To orbit and back: Russia developing Soyuz-based pilotless craft to retrieve cargo from space

To orbit and back: Russia developing Soyuz-based pilotless craft to retrieve cargo from space
Russia is developing an unmanned spaceship able to retrieve cargo from orbit and get back. It doesn’t look like a fully reusable craft, but this is the closest you can get after the demise of the Shuttle program.

The state-of-the-art vehicle – dubbed Soyuz GVK (Cargo Retrievable Spacecraft) – will be capable of delivering two tons of cargo to orbit and bringing a 500kg load back to Earth, Russia’s space corporation Energia announced on Friday. The very name of the project – which Energia says will become operational by 2022 – indicates that it will be based on the time-proven and reliable Soyuz family.

The ship’s detachable compartment is expected to be able to accommodate another ton of disposable cargo – such as garbage, for instance – that will burn in the atmosphere during descent.

Yevgeny Mikrin, Energia’s chief designer for manned space systems, told Russian media that the spaceship will enter service to resupply a new orbital station that may appear after the International Space Station (ISS) ceases operations.

Two years ago, the corporation unveiled plans to develop and build an orbiter to shuttle cargo and crews between the ISS and the moon. The project, codenamed ‘Ryvok’ (‘breakthrough’ in Russian) will be permanently based on the ISS – or its successor – and will be powered by the mighty Angara A5 heavy-lift launch system.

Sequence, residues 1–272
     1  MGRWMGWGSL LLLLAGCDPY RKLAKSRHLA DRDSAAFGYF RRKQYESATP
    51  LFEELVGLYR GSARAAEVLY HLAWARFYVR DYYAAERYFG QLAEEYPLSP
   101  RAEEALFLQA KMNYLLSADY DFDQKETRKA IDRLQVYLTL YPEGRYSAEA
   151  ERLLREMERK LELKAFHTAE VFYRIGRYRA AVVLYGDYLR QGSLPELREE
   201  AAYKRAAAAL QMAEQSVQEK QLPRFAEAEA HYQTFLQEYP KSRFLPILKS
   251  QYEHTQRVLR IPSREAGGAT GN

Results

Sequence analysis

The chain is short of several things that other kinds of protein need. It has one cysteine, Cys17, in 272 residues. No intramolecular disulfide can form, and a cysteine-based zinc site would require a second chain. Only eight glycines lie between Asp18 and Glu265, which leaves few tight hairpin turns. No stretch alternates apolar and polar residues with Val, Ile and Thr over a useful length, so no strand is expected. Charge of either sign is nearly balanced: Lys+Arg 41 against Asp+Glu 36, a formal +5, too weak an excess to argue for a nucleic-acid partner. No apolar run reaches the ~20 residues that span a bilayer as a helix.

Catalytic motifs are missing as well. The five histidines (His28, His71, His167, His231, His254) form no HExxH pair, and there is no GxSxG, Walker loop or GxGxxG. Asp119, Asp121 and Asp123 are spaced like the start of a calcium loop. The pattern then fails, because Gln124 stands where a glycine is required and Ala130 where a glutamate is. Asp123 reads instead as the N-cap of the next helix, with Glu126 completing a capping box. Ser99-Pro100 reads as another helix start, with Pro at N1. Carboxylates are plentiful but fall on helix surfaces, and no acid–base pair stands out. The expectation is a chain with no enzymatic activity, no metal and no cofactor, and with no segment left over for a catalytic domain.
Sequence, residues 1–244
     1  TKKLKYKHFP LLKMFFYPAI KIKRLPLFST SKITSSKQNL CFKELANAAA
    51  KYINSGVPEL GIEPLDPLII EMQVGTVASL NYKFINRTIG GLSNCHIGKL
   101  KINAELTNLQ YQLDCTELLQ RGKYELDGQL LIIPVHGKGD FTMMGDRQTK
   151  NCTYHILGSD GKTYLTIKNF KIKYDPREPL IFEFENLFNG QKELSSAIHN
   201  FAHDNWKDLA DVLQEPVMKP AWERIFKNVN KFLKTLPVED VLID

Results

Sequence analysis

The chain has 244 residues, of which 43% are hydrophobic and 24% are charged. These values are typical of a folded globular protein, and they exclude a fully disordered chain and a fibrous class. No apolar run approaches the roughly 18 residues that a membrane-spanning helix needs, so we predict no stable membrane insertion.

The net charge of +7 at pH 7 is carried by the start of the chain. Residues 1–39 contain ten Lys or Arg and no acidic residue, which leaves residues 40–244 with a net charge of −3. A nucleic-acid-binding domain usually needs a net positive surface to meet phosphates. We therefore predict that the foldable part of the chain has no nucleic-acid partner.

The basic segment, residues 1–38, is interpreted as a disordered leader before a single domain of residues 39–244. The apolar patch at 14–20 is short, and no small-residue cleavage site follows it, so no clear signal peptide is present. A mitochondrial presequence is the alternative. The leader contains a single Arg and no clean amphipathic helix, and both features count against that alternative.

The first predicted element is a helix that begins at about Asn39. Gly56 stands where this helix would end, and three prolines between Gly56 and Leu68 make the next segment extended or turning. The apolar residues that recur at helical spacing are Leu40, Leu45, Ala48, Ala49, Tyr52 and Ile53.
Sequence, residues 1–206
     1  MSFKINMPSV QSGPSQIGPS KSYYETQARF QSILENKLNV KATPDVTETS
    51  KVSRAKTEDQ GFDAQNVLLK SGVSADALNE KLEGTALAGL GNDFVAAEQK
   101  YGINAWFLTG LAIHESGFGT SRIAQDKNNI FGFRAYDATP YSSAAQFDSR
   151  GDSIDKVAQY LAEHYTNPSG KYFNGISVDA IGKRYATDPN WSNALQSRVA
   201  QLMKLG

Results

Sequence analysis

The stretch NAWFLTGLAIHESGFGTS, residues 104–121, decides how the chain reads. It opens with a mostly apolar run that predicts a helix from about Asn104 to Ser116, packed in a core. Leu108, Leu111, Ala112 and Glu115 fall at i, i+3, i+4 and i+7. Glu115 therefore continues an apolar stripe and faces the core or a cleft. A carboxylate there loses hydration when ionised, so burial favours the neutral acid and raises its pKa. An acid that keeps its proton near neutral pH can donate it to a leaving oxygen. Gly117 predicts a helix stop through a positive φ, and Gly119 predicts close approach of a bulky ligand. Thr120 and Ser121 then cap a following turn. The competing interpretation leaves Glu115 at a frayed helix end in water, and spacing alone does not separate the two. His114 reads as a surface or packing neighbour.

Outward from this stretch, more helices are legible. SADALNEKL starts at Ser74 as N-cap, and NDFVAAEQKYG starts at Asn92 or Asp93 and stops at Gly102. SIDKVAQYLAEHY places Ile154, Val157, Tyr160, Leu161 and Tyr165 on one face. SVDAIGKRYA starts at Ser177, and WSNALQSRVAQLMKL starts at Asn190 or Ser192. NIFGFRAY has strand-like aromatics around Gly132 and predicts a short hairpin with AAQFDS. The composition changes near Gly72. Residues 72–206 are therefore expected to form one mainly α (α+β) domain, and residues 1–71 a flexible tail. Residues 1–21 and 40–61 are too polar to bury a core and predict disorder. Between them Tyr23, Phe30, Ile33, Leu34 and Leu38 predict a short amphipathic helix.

The news comes amid predictions that the epoch of fully reusable spacecraft may soon be upon us. Space Shuttle program – once NASA’s flagship development – came to a close back in 2011 after carrying out 135 missions throughout its history.

The shuttles, however, had their own setbacks – they had to be refurbished between launches, which in some cases amounted to the assembly of a new craft. In turn, Russia’s Soyuz spaceships proved to be much more cost-efficient and reliable.

Currently, there are not many players in the industry designing their versions of reusable spaceships. In the US, the Elon Musk-led SpaceX is trying to come up with a rocket capable of returning from space in one piece. After several spectacular failed launches, it was able to land an orbital rocket four times.

Musk, an avid space enthusiast, hopes to make space exploration as affordable as possible. The main point he evangelizes from time to time is that planes are not disposed of by commercial airlines after every flight, so why should spaceships?

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